Harmony Woods. Courtesy of Brooke Marsh

The best music of 2021 so far

It goes without saying that COVID-19 rendered live performances and touring virtually impossible for musicians, but 2020 was nonetheless a banner year for breakout indie artists. Some artists of note include Phoebe Bridgers, whose album Punisher launched the fledgling star into the stratosphere, earning her countless Grammy nods and plaudits from the likes of Sir Elton John; Bartees Strange, whose debut Live Forever synthesized post-hardcore, emo and rap and is even better than the Oasis song “Live Forever”; and Lomelda’s Hannah, the spiritual offspring of Dear Nora and Nick Drake’s Pink Moon. 2021 looks to be no different, for better or worse—and, like last year, we have some great new music to get us through the interminable horrors of our present reality. Here are some of the best new releases from the first quarter of 2021. 


Coalter of the Deepers – Revenge of the Visitors 


Coalter of the Deepers are a genre-defying rock band from Tokyo with a rabid cult following outside of Japan. They haven’t released a proper album of new material in almost 15 years, but Nashville-based label Needle Juice is issuing a full rerecording of the band’s debut album—The Visitors of Deepspace—on vinyl. It doesn’t seem like a rapacious, George Lucas special edition-esque gesture, either; these songs benefit from the enhanced fidelity, and Revenge of the Visitors captures one of the trippiest shoegaze bands in the world during the August of their careers. 

Coaltar of the Deepers. Courtesy of Bandcamp

Harmony Woods – Graceful Rage


Philly-based songwriter Sofia Verbilla—aka Harmony Woods—surprise-released Graceful Rage last weekend, and it delivers on the promise set by her 2019 album Make Yourself at Home. In terms of dynamics, this record is all over the place—there’s quite the gulf separating the woodsy, string-laden “Good Luck Rd.” from the full-throttle, CD wallet pop-punk of “God’s Gift to Women”—which opens with the unhinged and amazing line “Isn’t it fun picking out all the girls you want to fuck?” 


The Boys With the Perpetual Nervousness – Songs From Another Life


The latest album from the Scottish-Spanish supergroup features some of the greatest wide-eyed jangle pop this side of the Empire Records soundtrack. These songs are wistful, shamelessly tuneful and performed on guitars—and somehow, they aren’t trite or corny.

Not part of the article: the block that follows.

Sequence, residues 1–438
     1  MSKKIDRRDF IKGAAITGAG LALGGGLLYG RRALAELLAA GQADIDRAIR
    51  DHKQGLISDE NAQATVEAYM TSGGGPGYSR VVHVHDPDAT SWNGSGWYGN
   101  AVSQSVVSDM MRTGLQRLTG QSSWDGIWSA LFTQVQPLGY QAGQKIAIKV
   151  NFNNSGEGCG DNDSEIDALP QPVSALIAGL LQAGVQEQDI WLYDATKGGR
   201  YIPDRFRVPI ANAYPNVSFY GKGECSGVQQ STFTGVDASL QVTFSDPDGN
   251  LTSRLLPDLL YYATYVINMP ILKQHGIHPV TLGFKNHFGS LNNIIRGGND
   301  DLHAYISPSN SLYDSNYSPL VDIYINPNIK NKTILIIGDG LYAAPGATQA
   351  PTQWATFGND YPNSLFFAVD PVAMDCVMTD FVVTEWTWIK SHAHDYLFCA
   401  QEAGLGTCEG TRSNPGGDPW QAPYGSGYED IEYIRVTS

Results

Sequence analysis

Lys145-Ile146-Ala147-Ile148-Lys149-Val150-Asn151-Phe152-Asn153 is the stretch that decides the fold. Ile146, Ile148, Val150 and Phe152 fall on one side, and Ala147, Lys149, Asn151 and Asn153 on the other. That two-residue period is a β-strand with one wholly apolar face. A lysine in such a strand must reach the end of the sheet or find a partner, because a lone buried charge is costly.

Sheers – “Wet Plastic”


Lily Breshears is one of the most accomplished pianists, harpists and singers in the Portland music scene. Nationally, she’s perhaps best known as Haley Heynderickx’s keyboardist and collaborator, but Breshears has been playing local shows under the moniker Sheers for a number of years now, and her latest single—“Wet Plastic”—is one of her greatest productions yet. It’s a kitchen-sink composition that marries Breshears’ classical instincts to an obvious, abiding love of contemporary pop music. “Wet Plastic” is as twisted and atonal as it is radio-friendly.

Wet Plastic. Courtesy of Bandcamp

Smirk – LP

Smirk is the one-man classicist post-punk project of Nick Vicario, who was one of Portland DIY’s heavyweight players for nearly two decades before his recent move to Los Angeles. Vicario cut his teeth performing alongside seminal Portland punk bands like the Exploding Hearts when he was a teenaged member of the hilariously-named Diskords; he would go on to play guitar and write songs for the lauded local bands Wild Ones and Public Eye, and has also worked as a freelance producer and recording engineer around town. Smirk is some of Vicario’s most straightforward and self-assured music yet; LP’s 12 songs rip by in only 24 minutes and bring to mind the swanky, slurred punk of artists like Richard Hell and Jay Reatard. Vicario also released a low-budget, public access style commercial to promote the record that advertises its songs as “badass rock music.” Consider the message received.


Home is Where – i became birds


There has been a lot of discourse lately surrounding the so-called “fifth wave” of emo, and there are few things more insufferable and isolating than attempts to demarcate and differentiate sub-sub-sub-sub-genres of music created with electric guitars. Maybe ironically, the more waves of emo there are, the farther we get from the elitism and obsessive reverence for the genre’s forebears that characterizes and ultimately poisons so much of scene culture. One of the preeminent fifth wave bands is Palm Beach’s Home is Where, whose EP i became birds is some of the most cathartic and novel emo I’ve heard in a long time. Vocalist Brandon MacDonald oscillates between an acrobatic wail and full-on screaming on the EP’s crunchiest track, “the scientific classification of stingrays,” which finds the emo quartet equally in thrall to canonical indie rock bands like Superchunk and Archers of Loaf.